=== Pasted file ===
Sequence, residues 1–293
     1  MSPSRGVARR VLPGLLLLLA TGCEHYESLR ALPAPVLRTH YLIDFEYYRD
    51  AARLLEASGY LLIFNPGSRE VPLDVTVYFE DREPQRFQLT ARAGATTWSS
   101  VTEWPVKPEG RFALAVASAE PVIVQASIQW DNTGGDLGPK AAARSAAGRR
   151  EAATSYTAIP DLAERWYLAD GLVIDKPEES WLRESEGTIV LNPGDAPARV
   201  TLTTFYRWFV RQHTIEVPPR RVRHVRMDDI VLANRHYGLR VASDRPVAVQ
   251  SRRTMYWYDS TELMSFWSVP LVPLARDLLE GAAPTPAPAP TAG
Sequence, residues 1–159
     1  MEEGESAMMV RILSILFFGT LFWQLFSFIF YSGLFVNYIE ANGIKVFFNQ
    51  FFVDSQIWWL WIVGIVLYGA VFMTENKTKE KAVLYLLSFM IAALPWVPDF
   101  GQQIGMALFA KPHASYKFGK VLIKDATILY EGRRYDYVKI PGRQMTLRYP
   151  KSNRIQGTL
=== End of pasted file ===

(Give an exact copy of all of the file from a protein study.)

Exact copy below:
Sequence, residues 1–293
     1  MSPSRGVARR VLPGLLLLLA TGCEHYESLR ALPAPVLRTH YLIDFEYYRD
    51  AARLLEASGY LLIFNPGSRE VPLDVTVYFE DREPQRFQLT ARAGATTWSS
   101  VTEWPVKPEG RFALAVASAE PVIVQASIQW DNTGGDLGPK AAARSAAGRR
   151  EAATSYTAIP DLAERWYLAD GLVIDKPEES WLRESEGTIV LNPGDAPARV
   201  TLTTFYRWFV RQHTIEVPPR RVRHVRMDDI VLANRHYGLR VASDRPVAVQ
   251  SRRTMYWYDS TELMSFWSVP LVPLARDLLE GAAPTPAPAP TAG
Sequence, residues 1–159
     1  MEEGESAMMV RILSILFFGT LFWQLFSFIF YSGLFVNYIE ANGIKVFFNQ
    51  FFVDSQIWWL WIVGIVLYGA VFMTENKTKE KAVLYLLSFM IAALPWVPDF
   101  GQQIGMALFA KPHASYKFGK VLIKDATILY EGRRYDYVKI PGRQMTLRYP
   151  KSNRIQGTL